I see many people confused about what business they are in. Entrepreneurs feel that their product or industry defines their business, but is that true? Am I in the newsletter or publishing business? What about the content creation business? After all, we create thousands of pages of content each month. Maybe that’s my business. I send a print newsletter to over 10,000 people a month; maybe I’m in education.
The truth of the matter is, I’m not in any of those businesses, nor do I want to be. Those are commodity businesses that can be ripped off and duplicated easily.
My real business is helping you to build a community and to develop relationships. The goal is bringing more people into your community and encouraging them to stay there and to refer family and friends. I help you get your community members to buy more products and services from you that will benefit their lives.
It’s called relationship marketing.
Sure, I use a newsletter to start to build your community. My company uses content to develop relationships to introduce or remind people of the all the products or services you offer. We run promotions to generate more referrals. We even educate customers with the content we create. But ultimately, we want your customers to feel part of a community and that they have a relationship with you.
This concept of relationship marketing is not an easy sell, but, more and more, you’re seeing larger companies, even billion-dollar brands, implementing this strategy.
Back in early 2014, Dollar Shave Club, the subscription razor service that made the amazingly funny viral video titled “Our Blades are F******g Great,” started sending a monthly print newsletter, The Bathroom Minutes, to each of its 1.1 million active members.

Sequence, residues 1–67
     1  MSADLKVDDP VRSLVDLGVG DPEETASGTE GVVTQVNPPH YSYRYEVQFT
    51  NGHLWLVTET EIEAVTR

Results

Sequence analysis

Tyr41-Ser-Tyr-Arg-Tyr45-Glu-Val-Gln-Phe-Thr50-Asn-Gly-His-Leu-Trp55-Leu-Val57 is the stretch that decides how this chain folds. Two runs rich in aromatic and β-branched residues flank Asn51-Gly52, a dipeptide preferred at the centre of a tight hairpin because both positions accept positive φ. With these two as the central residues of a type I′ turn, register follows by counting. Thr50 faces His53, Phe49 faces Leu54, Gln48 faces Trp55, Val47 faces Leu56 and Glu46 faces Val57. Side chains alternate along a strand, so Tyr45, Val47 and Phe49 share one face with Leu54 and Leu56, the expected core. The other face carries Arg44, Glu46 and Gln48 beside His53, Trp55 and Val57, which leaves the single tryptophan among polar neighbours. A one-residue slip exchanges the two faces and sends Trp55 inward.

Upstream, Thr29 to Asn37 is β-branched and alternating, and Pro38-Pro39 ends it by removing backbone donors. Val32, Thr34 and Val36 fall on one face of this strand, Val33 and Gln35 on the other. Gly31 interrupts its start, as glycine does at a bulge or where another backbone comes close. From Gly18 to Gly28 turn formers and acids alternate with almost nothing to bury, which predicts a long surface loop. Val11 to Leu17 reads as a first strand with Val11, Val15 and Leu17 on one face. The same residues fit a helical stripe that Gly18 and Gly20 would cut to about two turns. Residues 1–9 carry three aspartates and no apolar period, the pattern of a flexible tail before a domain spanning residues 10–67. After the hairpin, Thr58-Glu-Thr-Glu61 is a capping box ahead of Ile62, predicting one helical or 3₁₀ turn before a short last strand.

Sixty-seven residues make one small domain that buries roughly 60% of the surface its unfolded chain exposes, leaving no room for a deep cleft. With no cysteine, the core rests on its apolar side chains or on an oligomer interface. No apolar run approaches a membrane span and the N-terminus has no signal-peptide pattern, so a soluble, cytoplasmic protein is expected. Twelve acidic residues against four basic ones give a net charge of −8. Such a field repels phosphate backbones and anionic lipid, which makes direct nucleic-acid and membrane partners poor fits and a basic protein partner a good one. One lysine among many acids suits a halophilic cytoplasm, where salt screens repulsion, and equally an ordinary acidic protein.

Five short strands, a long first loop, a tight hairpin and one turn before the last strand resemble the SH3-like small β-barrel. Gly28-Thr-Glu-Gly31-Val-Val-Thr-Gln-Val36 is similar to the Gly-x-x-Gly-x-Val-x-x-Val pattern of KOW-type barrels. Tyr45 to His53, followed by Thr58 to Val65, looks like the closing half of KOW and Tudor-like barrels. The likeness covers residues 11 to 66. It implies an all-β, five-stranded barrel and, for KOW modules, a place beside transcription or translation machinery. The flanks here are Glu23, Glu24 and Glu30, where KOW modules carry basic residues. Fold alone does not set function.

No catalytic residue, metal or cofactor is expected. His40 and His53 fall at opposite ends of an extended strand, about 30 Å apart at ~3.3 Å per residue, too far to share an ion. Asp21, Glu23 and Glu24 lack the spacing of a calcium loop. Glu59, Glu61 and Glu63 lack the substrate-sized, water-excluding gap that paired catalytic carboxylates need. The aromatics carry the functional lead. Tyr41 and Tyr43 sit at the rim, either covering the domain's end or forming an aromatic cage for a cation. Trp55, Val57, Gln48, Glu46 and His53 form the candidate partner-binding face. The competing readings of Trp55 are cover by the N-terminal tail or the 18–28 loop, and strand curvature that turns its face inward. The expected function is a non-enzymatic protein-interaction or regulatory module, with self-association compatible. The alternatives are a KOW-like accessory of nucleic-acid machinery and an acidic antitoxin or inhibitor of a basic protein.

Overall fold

But they already subscribe.
Dollar Shave Club’s senior vice president of marketing Adam Weber explained, “One of our most important marketing vehicles is our actual box,” which includes their product and print newsletter. The Bathroom Minutes combines editorial content with product updates and company news, and informs and entertains to make the brand’s loyal users “feel like they’re part of a bigger community — part of something more than just buying razors.”
Aren’t these guys just in the razor business? Why do they add the expense of a newsletter to their packaging? I assure you they don’t get 1.1 million of them printed and inserted for free.
Break it down.
It’s simple. They know what business they are in: Community. With their subscription business model, the name of the game is customer churn and customer lifetime value. Making sure they improved those areas of their business was a priority, so what did they do?
- They had a solution for people. Good, inexpensive razors.
- They created a unique customer experience. Besides good packaging and a good welcome email, they sometimes sent out free samples with your order. They included The Bathroom Minutes each month with messages from the founder at the beginning of each issue. (Based on their strategy, I’m now wondering if I had a consultation call with them in the early days.)
They used the customer’s experience to encourage word of mouth and social engagement, which helped build the brand and get them more customers.
The long game.
Finally, the benefit of the customer experience was that they had increased customer lifetime values. Could they track the ROI 100 percent on the extra money they put in the packaging, free samples, or The Bathroom Minutes? My guess is they couldn’t. But with all the right pieces of the puzzle in place, they ultimately soared, and in a few short years sold the company for a billion dollars, all cash.
I’m a big believer that getting to the right answers starts with asking the right questions, so I ask again, what business are you in? Are you in the commodity business, or the relationship business? Do you need people to buy your products or services? Do you want and need referrals or repeat business?
Understanding what business you’re really in and developing products and services to that end is what allows you to grow faster, make more money, and, ultimately, serve more people.